Well, I didn’t finish off this album in 2015 like I had hoped, but maybe with a little luck I’ll finish it in January of 2016!
Believe it or not, this is probably one of the hardest solo transcriptions I’ve ever done. Much of the track has a ‘half-time’ feel that floats. There’s nothing to grab on to, but the time is there – rock solid. It’s a brilliant arrangement!
This is one of those situations where you don’t really appreciate the track until you transcribe it and really have to dig in to what’s going on. The changes on this song are so beautiful, and the feel that is created by the rhythm section is so amazing.
I did my best to capture what I felt was going on time-wise, but I’m sure others might have a different interpretation. If so, I’d love to hear it! For a change, my performance of the solo was based more on feel than on reading the rhythms strictly (and I still didn’t get close enough for my taste).
But check this track out – Kenny’s playing is amazing, with some beautiful lines and rhythms. The PDF starts with his main solo, and continues through the end of the track. After the piano solo, he fills in around the melody as Miles plays, and then trades with Miles as the tune rides out. can you imagine trading with Miles Davis??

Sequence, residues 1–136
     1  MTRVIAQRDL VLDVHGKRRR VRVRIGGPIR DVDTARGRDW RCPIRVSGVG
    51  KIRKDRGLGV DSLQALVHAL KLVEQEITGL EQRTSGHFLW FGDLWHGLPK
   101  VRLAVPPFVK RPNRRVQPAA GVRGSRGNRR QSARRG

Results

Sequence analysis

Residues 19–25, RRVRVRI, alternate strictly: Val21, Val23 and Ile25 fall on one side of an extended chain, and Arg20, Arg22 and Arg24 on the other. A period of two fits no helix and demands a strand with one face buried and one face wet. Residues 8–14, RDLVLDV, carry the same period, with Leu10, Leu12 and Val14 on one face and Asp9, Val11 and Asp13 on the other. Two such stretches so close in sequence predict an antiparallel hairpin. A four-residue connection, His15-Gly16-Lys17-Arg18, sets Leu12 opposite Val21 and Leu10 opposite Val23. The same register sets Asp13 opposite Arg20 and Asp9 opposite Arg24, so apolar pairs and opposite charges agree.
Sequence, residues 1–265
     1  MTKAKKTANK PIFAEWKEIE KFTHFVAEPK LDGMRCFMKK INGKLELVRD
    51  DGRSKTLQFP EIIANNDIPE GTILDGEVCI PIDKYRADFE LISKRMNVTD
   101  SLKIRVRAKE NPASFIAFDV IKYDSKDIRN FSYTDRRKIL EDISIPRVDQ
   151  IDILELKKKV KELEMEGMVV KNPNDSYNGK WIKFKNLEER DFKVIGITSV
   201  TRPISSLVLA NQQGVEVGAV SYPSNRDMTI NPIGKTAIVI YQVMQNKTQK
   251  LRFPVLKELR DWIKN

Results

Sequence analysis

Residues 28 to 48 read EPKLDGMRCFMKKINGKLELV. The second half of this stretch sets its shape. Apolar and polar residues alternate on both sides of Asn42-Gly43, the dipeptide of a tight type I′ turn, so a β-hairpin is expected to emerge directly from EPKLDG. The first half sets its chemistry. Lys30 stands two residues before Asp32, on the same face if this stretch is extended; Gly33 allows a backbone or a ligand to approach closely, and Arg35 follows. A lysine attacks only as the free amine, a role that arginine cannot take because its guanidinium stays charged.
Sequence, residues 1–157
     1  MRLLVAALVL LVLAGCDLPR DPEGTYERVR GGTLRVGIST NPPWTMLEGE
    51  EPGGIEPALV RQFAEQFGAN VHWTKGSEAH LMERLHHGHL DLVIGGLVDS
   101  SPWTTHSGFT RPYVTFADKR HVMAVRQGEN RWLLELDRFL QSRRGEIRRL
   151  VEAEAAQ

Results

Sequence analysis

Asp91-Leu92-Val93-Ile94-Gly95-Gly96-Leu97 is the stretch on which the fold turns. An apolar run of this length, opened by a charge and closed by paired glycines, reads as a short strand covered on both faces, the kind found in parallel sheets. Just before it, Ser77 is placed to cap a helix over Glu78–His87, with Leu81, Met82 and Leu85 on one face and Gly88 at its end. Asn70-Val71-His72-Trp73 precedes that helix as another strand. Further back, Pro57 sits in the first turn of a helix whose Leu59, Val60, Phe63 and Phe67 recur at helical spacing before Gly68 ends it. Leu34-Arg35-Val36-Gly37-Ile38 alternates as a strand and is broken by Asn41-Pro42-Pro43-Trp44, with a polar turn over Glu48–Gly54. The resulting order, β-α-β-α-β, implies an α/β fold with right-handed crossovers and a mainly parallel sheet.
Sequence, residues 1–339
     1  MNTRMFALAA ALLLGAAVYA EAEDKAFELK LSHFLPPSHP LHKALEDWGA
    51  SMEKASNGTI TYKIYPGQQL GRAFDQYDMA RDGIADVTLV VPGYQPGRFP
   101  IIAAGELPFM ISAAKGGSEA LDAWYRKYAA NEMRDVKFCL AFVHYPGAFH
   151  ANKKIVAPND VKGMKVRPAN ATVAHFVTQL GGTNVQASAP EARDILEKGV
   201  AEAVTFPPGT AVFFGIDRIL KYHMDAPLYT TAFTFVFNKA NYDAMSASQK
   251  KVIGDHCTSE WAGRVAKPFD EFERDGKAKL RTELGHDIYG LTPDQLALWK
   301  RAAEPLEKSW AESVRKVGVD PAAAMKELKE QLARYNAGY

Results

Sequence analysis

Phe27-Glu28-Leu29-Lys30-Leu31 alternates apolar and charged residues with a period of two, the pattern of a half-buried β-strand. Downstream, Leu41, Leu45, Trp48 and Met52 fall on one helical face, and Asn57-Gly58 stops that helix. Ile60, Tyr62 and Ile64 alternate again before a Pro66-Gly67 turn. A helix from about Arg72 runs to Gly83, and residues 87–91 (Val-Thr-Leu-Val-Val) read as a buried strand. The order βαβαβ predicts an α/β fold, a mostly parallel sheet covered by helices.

P.S. My first post with the new Alto mouthpiece!
Another great Kenny Garrett solo from Amandla. Actually, there are two solos in this track, so be sure to keep watching the video after the first fade. The solos are split across two pages in the PDF.
I think there’s only one or two more Kenny Garrett solos on this album, I’ll shoot to get the rest done before the end of the year.
More Kenny Garrett! I love his playing on this album, even though the solos are so short. I’ll have to double-check the chords on this one. I pulled them from a lead sheet, but Kenny seems to be consistently playing major 3rds against the C minor. Even a major 7th and sharp 4. I wish I had a better ear for chords!
I love me some Kenny Garrett! He’s probably my favorite jazz Alto player on the scene today. It’s like Maceo Parker and John Coltrane had a musical baby.
Kenny has a beautiful, bright, clear sound with a very percussive attack, much like Maceo, but he generally plays music that is much more harmonically and technically complex (which you’d expect given their respective genres).
This is an especially interesting track because it shows Kenny playing over a one-chord funk/fusion groove. I love how he plays with the major seventh in the 4th and 5th bars. He really doesn’t stray too far from the blues scale, but when he does, the alterations really pop.
I think that I’ve got most of Kenny’s solos from this period with Miles transcribed, so I’ll be working them into the mix over the next couple months.